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Bone Abstracts (2017) 6 P188 | DOI: 10.1530/boneabs.6.P188

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Paradoxical response of serum parathyroid hormone concentration in response to vitamin D and calcium supplementation in undernourished Indian children

Rubina Mandlik1, Veena Ekbote1, Vivek Patwardhan1, Neha Kajale1, Vaman Khadilkar1, Raja Padidela2, Anuradha Khadilkar1 & Zulf Mughal2

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1Hirabai Cowasji Jehangir Medical Research Institute, Pune, Maharashtra, India; 2Royal Manchester Children’s Hospital, Manchester, UK.


Objectives: We have previously described biochemical evidence of resistance to PTH in Indian toddlers, which reversed on calcium supplementation. We performed a post-hoc analysis on data from an RCT of vitamin D and calcium supplementation, which was designed to assess if supplementation would reduce infection rate in undernourished school children with adequate sun exposure. Specifically we investigated the effect of oral vitamin D and calcium supplementation on biochemical parameters viz serum intact PTH, calcium, phosphorous and alkaline phosphatase (ALK-P) in children with habitually low calcium intakes.

Methods: A randomized, double-blind, placebo-controlled trial was conducted on 465 children (6–12 years) from Western India (18°N). The trial included 179 children: 79 received vitamin D-calcium (1000IU-500mg) supplementation, 99 received placebo daily for 6 months. Anthropometric, dietary data and blood samples were collected at baseline, six months (end of supplementation) and 1 year post-supplementation.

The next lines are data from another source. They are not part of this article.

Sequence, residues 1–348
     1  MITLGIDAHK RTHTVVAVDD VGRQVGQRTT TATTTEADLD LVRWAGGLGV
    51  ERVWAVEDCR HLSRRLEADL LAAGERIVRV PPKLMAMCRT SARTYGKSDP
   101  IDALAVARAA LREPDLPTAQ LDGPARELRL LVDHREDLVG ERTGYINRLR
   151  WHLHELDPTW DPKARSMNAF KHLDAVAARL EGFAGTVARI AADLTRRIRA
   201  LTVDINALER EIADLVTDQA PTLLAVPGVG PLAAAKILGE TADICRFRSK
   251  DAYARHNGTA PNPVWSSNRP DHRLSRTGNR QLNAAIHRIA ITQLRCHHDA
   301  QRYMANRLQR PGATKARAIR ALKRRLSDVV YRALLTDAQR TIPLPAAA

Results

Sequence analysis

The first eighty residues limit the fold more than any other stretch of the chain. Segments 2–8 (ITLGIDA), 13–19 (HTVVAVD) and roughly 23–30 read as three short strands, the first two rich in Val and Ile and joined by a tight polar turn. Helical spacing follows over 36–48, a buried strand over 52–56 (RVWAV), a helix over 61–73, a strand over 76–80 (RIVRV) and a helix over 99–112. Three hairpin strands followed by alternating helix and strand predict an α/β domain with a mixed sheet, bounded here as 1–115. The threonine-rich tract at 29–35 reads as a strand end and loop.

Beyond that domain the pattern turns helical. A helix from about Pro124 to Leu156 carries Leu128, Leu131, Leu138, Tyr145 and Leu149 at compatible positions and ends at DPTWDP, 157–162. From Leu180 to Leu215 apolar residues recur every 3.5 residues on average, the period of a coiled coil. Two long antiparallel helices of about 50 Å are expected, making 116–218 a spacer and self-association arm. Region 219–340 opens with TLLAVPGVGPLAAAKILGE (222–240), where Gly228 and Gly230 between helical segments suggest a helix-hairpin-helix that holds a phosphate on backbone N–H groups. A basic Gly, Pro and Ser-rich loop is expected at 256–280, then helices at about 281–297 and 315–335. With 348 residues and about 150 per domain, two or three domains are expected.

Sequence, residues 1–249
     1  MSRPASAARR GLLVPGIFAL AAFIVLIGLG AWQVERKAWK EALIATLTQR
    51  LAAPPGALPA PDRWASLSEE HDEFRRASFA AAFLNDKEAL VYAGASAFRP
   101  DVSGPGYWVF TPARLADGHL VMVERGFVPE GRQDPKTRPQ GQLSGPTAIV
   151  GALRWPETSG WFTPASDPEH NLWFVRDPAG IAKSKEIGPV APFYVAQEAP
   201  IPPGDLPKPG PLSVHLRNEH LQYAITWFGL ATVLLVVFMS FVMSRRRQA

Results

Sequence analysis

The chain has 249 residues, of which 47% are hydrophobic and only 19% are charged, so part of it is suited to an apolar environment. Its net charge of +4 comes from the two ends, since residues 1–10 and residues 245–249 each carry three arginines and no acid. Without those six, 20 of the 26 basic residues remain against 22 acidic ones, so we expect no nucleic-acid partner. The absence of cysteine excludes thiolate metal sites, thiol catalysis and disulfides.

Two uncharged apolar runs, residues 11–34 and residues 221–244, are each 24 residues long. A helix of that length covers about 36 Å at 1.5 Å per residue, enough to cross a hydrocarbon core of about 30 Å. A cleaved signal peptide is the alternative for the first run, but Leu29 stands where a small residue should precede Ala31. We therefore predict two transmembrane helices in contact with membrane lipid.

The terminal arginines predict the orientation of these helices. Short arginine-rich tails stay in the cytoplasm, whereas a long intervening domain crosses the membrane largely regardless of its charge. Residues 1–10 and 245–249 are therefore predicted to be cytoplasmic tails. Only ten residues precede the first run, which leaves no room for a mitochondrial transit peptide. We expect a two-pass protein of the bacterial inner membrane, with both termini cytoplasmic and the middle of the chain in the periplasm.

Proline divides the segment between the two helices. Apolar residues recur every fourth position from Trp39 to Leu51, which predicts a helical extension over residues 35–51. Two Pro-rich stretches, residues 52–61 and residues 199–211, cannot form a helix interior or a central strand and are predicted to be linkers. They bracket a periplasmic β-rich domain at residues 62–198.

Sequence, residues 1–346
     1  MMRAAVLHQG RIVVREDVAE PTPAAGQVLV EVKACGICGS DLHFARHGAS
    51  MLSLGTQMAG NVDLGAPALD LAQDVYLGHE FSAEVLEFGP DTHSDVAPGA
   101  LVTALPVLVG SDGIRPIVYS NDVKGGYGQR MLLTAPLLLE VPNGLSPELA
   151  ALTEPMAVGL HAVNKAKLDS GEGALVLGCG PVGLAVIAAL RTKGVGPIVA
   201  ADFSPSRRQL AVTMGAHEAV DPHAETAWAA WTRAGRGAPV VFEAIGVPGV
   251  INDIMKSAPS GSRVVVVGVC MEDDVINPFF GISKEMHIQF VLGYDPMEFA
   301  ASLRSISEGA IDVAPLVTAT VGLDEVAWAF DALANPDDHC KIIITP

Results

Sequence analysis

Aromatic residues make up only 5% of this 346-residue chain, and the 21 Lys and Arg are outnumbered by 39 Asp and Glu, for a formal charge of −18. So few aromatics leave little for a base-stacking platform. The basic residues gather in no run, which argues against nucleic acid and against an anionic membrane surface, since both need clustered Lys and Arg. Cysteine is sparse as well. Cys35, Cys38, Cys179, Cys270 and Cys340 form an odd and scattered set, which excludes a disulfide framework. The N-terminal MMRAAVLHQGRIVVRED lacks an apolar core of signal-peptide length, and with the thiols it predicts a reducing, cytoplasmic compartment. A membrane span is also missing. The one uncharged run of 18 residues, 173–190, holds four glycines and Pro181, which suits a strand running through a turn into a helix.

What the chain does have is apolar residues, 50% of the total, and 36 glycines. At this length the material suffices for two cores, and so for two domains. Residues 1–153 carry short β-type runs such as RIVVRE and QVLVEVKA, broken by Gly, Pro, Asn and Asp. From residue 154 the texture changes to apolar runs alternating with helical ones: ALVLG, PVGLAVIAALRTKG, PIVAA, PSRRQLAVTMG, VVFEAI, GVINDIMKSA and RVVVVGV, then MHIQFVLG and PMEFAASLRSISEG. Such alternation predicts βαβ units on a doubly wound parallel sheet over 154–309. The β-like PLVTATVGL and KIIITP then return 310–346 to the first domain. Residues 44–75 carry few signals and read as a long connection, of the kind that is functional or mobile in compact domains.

Results: All anthropometric data at all three time points were below mean for age. Mean dietary calcium to phosphorus ratio was 0.4:1. Baseline mean serum 25OHD concentration was 58.2±10.9 nmol/l with no significant difference between the two groups. At 6 months, 25OHD concentration improved significantly (P<0.05) in supplemented group (83.9±30.1 nmol/l vs 58.3±15.7 nmol/l in placebo group). However, supplemented group also had significantly (P<0.05) higher PTH levels compared to non-supplemented group (6.7±3.6 pmol/l vs 5.5±3.2 pmol/l); positive correlation between serum 25OHD and PTH was noted (vs negative correlation in non-supplemented group). At 6 months mean levels of serum bone profile parameters were as follows: calcium (2.2±0.1 mmol/l), phosphorus (1.7±0.2 mmol/l) and ALK-P (178.7±40.7 IU/l). Neither at 6 months nor at 1 year post-supplementation was there significant difference between the groups in serum calcium, phosphorus and alkaline phosphatase levels. A year post-supplementation, PTH concentrations continued to remain high (but not significantly different from levels at six months); with low normal serum calcium, high normal phosphate and normal ALK-P in supplemented group.

Conclusion: In nutritionally-deprived but vitamin D sufficient children, vitamin D and calcium supplementation paradoxically increased serum PTH concentration with no apparent effect on other bone biochemistry. The mechanism for this phenomenon is unknown. However, we speculate that chronic low dietary calcium to phosphorus ratio might be responsible for this paradoxical response.

Disclosure: The authors declared no competing interests.

Volume 6

8th International Conference on Children's Bone Health

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